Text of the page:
Carpet beetles feed on animal and plant substances such as wool, fur, feathers, hair, hides, horns, silk, velvet, felts and bone as well as seeds, grain, cereals, cake mixes, red pepper, rye meal and flour. Other substances include powdered milk, dog and cat food, leather, book bindings, dead insects, bird and rodent nests, and even cotton, linen, rayon, and jute, especially when stained with spilled food and animal excreta. The larvae cause the damage, crawling from room to room and living behind baseboards and moulding, and in heating system air ducts, dresser drawers, carpets, clothing and furniture. Feeding damage often occurs under heavy furniture or pianos and at carpet edges. Adult beetles fly readily in May and June. They are attracted to night-lights, and may enter through an open window or door. Some may be brought in accidentally on cut flowers or in furniture that has been in storage or sent out for repair.
Adult black carpet beetles are oval and shiny-black with brownish legs. They vary in body length from 3 to 4mm. Larvae, frequently staying hidden when feeding, are golden to dark brown and about 1.27cm long. The body resembles an elongated carrot or cigar with a long brush of bristles at the tail end. Adult varied carpet beetles are about 2 to 3mm long and nearly round. The top body surface is usually grey with a mixture of white, brown and yellow scales and irregular black crossbands. The bottom surface has long, grey-yellow scales. (These scales are 2-1/2 to 4 times as long they are broad.) Larvae are about 6mm and light to dark brown. The body is wide and broader at the rear than the front. Adult common carpet beetles are about 2 to 3mm long, nearly round, and grey to black. They have minute, whitish scales and a band of orange-red scales down the middle of the back and around the eyes. Larvae, frequently moving rapidly, are elongated, oval, reddish-brown, about 6mm long and are covered with many brownish-black hairs. Adult furniture carpet beetles are about 1 to 3mm long, nearly round and whitish checkered with black spots, each outlined with yellowish orange scales. These scales are broadly oval and two times or less long as broad. The legs have yellow scales. The bottom surface of the body is white. Colour patterns vary. Larvae, frequently crawling rapidly, are about 6mm, elongated, oval and covered thickly with brownish hair.
Locate the source of infestation before treatment. Carpet beetle larvae prefer to feed in dark, undisturbed, protected places. Use a flashlight and nail file to check in such places as under baseboards, in and under upholstered furniture, piano felts, air ducts, stuffed animal trophies, stored cereals, bird nests under eaves, rodent nests, wasp nests in attics, dead birds or rodents in wall voids, woollens, clothes closets, furs, etc. Often the cast skins are more abundant than the larvae. Adult beetles flying around windows may help in locating the infestation.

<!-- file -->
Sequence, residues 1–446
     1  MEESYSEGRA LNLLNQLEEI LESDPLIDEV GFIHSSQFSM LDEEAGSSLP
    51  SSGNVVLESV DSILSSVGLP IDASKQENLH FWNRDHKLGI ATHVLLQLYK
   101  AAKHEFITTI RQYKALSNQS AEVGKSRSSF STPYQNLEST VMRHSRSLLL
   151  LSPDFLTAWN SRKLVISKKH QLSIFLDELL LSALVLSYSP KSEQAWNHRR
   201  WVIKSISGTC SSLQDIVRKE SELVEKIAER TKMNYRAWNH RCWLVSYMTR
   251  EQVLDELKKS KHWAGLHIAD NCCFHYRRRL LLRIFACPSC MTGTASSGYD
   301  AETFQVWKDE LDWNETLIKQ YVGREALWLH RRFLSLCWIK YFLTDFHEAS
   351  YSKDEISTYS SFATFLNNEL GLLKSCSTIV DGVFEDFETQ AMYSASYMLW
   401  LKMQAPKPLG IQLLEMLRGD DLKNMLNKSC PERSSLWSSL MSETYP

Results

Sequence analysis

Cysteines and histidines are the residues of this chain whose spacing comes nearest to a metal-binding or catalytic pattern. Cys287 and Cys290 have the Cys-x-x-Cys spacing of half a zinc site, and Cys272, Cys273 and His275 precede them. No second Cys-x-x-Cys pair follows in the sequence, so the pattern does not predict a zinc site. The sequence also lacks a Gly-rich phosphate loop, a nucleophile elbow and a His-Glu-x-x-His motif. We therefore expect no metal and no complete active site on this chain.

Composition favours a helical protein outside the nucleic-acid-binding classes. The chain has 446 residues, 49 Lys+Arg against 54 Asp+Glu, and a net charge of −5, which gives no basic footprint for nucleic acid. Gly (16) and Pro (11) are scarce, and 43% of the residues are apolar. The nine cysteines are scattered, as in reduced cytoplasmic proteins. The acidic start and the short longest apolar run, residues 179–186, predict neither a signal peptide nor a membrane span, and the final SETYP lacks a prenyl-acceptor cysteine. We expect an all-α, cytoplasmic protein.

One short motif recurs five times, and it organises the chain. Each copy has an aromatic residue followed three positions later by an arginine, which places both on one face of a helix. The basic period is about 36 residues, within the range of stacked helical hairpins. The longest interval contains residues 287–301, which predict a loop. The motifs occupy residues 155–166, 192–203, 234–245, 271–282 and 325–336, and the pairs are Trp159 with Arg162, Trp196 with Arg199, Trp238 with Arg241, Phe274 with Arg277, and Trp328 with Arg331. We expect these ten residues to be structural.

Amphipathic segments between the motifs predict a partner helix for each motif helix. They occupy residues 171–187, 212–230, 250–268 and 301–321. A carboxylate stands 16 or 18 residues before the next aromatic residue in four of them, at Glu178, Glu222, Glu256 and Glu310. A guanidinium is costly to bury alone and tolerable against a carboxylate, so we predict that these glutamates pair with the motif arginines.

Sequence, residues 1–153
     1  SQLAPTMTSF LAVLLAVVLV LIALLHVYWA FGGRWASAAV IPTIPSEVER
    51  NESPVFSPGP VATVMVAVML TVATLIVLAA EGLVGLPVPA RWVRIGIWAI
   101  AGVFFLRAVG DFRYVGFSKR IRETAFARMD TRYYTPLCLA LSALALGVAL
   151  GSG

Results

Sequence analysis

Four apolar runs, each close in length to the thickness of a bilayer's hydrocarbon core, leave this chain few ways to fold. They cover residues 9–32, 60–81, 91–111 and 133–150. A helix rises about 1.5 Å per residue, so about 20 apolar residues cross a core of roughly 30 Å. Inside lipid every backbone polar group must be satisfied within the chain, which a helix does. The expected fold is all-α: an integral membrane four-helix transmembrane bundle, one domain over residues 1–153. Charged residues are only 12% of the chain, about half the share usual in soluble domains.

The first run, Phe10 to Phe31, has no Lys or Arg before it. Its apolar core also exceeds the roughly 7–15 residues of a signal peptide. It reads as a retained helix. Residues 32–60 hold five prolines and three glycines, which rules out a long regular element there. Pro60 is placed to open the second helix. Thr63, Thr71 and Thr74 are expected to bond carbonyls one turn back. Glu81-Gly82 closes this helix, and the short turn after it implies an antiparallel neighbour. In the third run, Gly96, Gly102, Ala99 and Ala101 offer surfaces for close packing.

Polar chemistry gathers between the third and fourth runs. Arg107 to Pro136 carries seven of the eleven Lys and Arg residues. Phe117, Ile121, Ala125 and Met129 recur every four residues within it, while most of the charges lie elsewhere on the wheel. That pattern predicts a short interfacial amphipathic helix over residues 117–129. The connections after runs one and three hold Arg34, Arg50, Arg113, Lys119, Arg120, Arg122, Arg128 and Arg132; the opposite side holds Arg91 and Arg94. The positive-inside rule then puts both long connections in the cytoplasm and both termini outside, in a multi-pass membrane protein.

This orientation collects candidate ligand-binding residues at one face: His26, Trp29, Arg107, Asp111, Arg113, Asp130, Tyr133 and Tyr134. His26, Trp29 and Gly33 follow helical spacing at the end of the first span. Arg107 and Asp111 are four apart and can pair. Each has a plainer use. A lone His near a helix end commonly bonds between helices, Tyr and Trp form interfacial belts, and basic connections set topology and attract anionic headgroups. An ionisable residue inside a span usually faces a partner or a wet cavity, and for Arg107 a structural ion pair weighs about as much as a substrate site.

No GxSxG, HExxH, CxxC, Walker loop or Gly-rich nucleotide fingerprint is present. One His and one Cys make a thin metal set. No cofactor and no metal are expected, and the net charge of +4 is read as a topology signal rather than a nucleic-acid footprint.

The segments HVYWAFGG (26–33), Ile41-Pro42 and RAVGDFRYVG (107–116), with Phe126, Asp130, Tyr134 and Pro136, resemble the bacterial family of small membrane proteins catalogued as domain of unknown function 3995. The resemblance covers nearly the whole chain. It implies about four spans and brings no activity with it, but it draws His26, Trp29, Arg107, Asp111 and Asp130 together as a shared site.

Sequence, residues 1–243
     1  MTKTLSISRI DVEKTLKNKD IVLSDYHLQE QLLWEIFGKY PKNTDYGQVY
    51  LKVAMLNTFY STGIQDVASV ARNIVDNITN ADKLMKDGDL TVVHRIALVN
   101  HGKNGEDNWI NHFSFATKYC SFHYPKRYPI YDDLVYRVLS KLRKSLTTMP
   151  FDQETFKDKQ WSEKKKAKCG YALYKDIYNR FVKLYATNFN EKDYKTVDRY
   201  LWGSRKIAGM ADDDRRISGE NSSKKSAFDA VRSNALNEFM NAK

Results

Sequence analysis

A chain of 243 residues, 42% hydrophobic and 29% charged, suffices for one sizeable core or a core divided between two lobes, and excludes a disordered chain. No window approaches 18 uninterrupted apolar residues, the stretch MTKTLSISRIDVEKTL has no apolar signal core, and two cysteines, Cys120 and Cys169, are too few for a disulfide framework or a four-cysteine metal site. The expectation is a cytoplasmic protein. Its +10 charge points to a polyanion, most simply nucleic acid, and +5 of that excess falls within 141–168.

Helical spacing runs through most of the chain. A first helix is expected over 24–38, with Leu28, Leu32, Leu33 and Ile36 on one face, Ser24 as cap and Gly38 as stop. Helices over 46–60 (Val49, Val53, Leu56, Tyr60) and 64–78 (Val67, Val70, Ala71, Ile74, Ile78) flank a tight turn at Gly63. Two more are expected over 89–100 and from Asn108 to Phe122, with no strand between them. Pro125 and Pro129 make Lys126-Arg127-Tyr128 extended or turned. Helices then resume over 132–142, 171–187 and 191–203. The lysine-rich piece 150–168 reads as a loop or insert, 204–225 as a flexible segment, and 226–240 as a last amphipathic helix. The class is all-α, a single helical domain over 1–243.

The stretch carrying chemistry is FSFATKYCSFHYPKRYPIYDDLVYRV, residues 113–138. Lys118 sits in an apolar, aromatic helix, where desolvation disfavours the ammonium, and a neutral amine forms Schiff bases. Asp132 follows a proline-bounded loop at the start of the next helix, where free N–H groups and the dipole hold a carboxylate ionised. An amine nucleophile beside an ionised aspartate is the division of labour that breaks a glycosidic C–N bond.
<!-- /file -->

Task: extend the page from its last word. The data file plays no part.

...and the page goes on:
Good housekeeping is critical. Use a strong suction vacuum cleaner with proper attachments to remove lint, hair and dust from floors, shelves and drawers. Periodically brush, air outside, or dry-clean furs, woollens, blankets, etc. Clean rugs, carpets, draperies, furniture, baseboards, air vents, mouldings and other hard-to-reach places regularly. Destroy untreated worthless animal skins or hides, valueless insect collections, old woollen rags and old clothing. Cedar-lined closets and chests help but are not 100 percent effective.
Woollen carpets, clothing and blankets may be sprayed lightly with a ready-to-use aerosol spray such as resmethrin before placing in storage. Do not over-apply and be sure to dry-clean clothing before wearing after they have been in storage. Upholstered furniture and pillows may require fumigation by a pest control operator where surface sprays would not be effective. After thoroughly cleaning under heavy furniture, rugs, rug pads and carpets, especially around the edges, apply insecticide crack and crevice sprays and spot treatments. Apply coarse spray surface treatments along edges of wall-to-wall carpeting in closets, corners, cracks, baseboards, mouldings and other hiding places. Spraying surfaces where insects crawl or hide is very effective. Some carpets and their dyes may be susceptible to running and discoloration by certain insecticides. (If in doubt, conduct a small test of the product on the target carpet or similar material before treating.) Use of dusts in voids will offer long-term treatment.
William F. Lyon
Keith L. Smith, Associate Vice President for Ag. Adm. and Director, OSU Extension.
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